So lets look at some scenarios  with a HT to Jim Dator and his four scenario story structure). The scenarios are limited to the political situation but obviously can form the basis for effects on the rest of society and the world. The scenarios are not very detailed in order to fit them into  a reasonable post length but I would welcome input and comments to flesh them out:

Stability/Discipline

This is really the Lessig story and the view that the strength of the institutions of the US political system which were designed to bring stability.

The USA system is designed to limit the power of any one of the Executive, Legislative, or Judicial branches of the government.

Generally these act as shock absorbers although Presidential nominations to the Supreme Court with a compliant legislative branch can change the overall flavour significantly.

The story here would really be one of a long grind of tempering of Presidential actions by the Congress and Senate, and multiple court actions at a Federal and State Level.

This would slow any significant change, remove the excesses and provide time for the rest of the world to adapt. Assuming that there are not significant populist successes in other places such as France which cause rolling change.

This would lead to the next Presidential election being more of a conventional battle between Trump and a new candidate from the Democrats.

While this may create political stability of a sort it is hard to imagine it being good for the USA overall

Transformation

This is essentially a story of significant political change and is premised on a few basic statements (not of fact of course):

  • That the changes that are happening with the Trump Presidency mark the start of a great re-awakening of the political involvement of the centre/left of the American people. Examples such as the current protests and the significant raising of money by the ACLU (Donations to A.C.L.U. and Other Organizations Surge After Trump’s Order) in recent days support this possibility.
  • That political pressure of the sort that has shown success for the Tea Party in America puts pressure on members of Congress and the Senate. We have seen Eric Cantor unseated by an insurgent tea party candidate selection process. Can the same happen from the sort of resistance and political commentary we are seeing now? This requires far more discipline and organisation than what is happening right now and would have to be focused on the mid-term elections (where all 435 Congress Members, 1/3 of the Senators and 36 State governors are up for election).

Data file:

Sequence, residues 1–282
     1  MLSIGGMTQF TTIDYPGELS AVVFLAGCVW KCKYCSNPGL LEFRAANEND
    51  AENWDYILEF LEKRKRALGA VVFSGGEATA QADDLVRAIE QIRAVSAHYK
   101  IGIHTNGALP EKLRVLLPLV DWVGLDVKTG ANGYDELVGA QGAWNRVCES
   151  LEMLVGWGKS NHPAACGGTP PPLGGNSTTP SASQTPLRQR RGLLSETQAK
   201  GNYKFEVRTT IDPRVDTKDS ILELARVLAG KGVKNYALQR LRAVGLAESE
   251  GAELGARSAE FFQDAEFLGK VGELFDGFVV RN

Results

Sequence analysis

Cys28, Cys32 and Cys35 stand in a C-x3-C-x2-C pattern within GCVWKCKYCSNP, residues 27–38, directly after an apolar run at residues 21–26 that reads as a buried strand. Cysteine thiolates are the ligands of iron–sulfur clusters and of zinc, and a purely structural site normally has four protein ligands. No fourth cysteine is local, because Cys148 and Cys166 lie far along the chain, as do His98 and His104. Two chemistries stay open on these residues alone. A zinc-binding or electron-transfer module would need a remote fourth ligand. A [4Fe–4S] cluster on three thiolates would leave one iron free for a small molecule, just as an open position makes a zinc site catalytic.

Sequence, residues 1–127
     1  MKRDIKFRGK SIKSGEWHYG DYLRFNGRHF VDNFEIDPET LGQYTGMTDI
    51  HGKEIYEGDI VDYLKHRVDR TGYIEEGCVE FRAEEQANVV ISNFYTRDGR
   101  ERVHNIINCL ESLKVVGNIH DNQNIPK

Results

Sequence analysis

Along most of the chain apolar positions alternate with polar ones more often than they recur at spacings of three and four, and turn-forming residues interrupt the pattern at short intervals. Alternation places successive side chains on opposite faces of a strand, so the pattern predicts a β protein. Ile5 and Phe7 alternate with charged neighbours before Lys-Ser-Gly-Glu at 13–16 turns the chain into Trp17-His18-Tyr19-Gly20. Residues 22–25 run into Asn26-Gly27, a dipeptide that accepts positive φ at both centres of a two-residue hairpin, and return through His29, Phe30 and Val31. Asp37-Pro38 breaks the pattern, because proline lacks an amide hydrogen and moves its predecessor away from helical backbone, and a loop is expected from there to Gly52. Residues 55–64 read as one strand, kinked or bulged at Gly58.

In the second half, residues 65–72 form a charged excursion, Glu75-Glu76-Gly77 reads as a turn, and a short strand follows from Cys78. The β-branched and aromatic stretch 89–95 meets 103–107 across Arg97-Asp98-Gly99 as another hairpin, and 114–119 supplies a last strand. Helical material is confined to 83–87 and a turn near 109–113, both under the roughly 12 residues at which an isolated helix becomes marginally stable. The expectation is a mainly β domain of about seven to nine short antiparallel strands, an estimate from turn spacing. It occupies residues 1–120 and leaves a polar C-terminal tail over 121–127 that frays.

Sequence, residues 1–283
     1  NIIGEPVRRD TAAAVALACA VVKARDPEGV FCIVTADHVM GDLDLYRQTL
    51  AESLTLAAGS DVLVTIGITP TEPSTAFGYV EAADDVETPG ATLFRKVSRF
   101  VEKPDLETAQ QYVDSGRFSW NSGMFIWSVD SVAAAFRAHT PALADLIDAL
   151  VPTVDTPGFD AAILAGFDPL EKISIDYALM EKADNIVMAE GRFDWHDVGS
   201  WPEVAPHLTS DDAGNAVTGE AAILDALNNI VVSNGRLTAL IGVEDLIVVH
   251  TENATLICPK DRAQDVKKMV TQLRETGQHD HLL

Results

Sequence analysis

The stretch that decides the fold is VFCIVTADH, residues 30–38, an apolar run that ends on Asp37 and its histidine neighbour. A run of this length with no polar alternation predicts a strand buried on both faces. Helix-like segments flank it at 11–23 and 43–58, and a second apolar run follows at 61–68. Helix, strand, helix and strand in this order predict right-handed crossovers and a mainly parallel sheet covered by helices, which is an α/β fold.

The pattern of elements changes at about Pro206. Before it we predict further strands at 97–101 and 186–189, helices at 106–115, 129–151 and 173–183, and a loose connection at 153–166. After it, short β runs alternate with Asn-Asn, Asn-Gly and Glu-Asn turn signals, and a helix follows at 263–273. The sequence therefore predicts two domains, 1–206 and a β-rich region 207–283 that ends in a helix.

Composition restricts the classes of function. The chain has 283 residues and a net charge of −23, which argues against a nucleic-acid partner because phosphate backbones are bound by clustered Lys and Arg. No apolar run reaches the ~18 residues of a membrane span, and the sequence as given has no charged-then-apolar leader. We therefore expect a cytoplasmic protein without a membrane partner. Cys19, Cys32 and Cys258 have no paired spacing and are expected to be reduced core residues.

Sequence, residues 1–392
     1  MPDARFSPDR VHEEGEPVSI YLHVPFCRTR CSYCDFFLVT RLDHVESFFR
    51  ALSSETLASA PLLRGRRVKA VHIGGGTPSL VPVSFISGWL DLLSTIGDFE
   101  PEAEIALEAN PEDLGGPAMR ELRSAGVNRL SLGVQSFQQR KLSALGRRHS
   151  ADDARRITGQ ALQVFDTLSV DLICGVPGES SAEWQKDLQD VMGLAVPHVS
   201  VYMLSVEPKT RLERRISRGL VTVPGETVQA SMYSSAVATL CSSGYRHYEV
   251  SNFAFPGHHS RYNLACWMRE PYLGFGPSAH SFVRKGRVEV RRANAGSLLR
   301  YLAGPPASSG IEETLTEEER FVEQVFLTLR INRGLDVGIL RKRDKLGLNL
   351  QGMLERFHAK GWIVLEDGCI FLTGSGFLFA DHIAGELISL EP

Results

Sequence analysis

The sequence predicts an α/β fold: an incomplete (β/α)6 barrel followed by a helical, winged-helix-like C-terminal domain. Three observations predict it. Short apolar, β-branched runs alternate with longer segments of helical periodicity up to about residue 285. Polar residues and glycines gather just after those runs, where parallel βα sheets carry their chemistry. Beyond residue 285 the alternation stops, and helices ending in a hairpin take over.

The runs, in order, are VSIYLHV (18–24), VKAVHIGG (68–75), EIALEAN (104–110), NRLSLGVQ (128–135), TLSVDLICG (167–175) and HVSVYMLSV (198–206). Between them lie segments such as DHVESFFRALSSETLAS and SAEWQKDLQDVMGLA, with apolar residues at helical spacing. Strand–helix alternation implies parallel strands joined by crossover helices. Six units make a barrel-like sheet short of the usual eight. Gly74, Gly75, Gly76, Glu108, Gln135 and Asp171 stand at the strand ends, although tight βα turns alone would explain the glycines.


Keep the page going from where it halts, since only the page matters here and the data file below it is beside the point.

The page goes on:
• A new leader emerges from the centre left of politics for the public outrage and political operations to coalesce around ( My pick would be Elizabeth Warren but I do not know enough about the next layer of leaders to be adamant about that).
  • A new leader emerges from the Republican side of politics to split the support that currently underpins Trump.

Nothing concentrates the political mind more than the possibility of losing an election. The mid terms are some way off, but if significant numbers of politicians are frightened of either not being selected to run again or not being elected then political opposition to the extremes of the Trump Presidency will grow.

In the USA this is complicated by the political gerrymandering of the seats ( which has meant the Tea Party concentrated on political candidate selection rather than elections) and the issues of levels of voter turnout in a voluntary voting system. This means that it is more difficult to get changes in representation in seats and that hot button issues that increase voter turnout can have a significant effect.

If we extend the scenario to the next Presidential election then it is possible to see a scenario where there is a four way competition for the Presidency:

  • A new Democrat leader
  • Trump but not with the Republican nomination
  • A new Republican leader
  • A popular independent – possibly being far more influential than ever before

An even greater departure from politics as normal would be the creation of  a new political party of the centre.

Side Note: Politicians of all stripes have always used “the enemy” to galvanise support. The picture I have briefly described above needs more – it needs a cogent story of action and policy, not just opposition. It also needs to bring large swathes of the Trump supporters on board , either to new Republican leadership or to the Centre/Left. As Lessig has pointed out the vast majority of the Trump voters are not evil and there are significant and legitimate claims and concerns that they have which need to be addressed. Not the least of these is the income and outcome disparities that exist.

Transformation Counter Scenario

If the Centre Left of American politics creates significant resistance to the Trump Presidency but fails to create a disciplined political operation on the ground we could see almost the opposite of the scenario above:

  • In reaction Trump supporters and the Tea Party put more pressure on sitting members of Congress and the Senate to not oppose the actions of the President by threatening to pile into the selection processes of the Republican Party. Possibly supported by people like the Koch brothers who have been running all sorts of polical activity over the last decade.
  • The economic situation of the USA appears to worsen through a range of factors, one of which may be change in trade and political allegiances structured around more isolationist policies and the desire of China to play a larger role in World affairs.
  • This galvanises Trump supporters even further as they are convinced the limits that are being placed on the President are the cause of these problems.
  • From both the selection processes and the mid term election the Congress and the Senate become more pro Trump.

Collapse

It is a truism in futures work that people commonly find it easier to find ways that disaster can occur than any other type of scenario. This situation is no different. Disaster politically could occur with: